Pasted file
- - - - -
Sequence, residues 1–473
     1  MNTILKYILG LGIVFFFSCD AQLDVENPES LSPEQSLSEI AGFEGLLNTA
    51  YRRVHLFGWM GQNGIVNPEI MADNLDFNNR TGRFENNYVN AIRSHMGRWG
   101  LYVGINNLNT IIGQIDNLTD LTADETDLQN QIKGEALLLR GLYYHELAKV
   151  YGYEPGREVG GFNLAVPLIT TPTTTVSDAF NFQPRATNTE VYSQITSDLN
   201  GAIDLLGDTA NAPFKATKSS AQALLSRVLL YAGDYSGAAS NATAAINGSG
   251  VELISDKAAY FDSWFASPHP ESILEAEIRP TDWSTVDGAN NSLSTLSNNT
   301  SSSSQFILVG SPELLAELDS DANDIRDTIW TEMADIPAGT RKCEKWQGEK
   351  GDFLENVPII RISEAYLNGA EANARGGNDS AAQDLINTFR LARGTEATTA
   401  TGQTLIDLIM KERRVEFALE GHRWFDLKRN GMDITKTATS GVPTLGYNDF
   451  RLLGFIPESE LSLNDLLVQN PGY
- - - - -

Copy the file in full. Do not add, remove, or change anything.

Sequence, residues 1–473
     1  MNTILKYILG LGIVFFFSCD AQLDVENPES LSPEQSLSEI AGFEGLLNTA
    51  YRRVHLFGWM GQNGIVNPEI MADNLDFNNR TGRFENNYVN AIRSHMGRWG
   101  LYVGINNLNT IIGQIDNLTD LTADETDLQN QIKGEALLLR GLYYHELAKV
   151  YGYEPGREVG GFNLAVPLIT TPTTTVSDAF NFQPRATNTE VYSQITSDLN
   201  GAIDLLGDTA NAPFKATKSS AQALLSRVLL YAGDYSGAAS NATAAINGSG
   251  VELISDKAAY FDSWFASPHP ESILEAEIRP TDWSTVDGAN NSLSTLSNNT
   301  SSSSQFILVG SPELLAELDS DANDIRDTIW TEMADIPAGT RKCEKWQGEK
   351  GDFLENVPII RISEAYLNGA EANARGGNDS AAQDLINTFR LARGTEATTA
   401  TGQTLIDLIM KERRVEFALE GHRWFDLKRN GMDITKTATS GVPTLGYNDF
   451  RLLGFIPESE LSLNDLLVQN PGY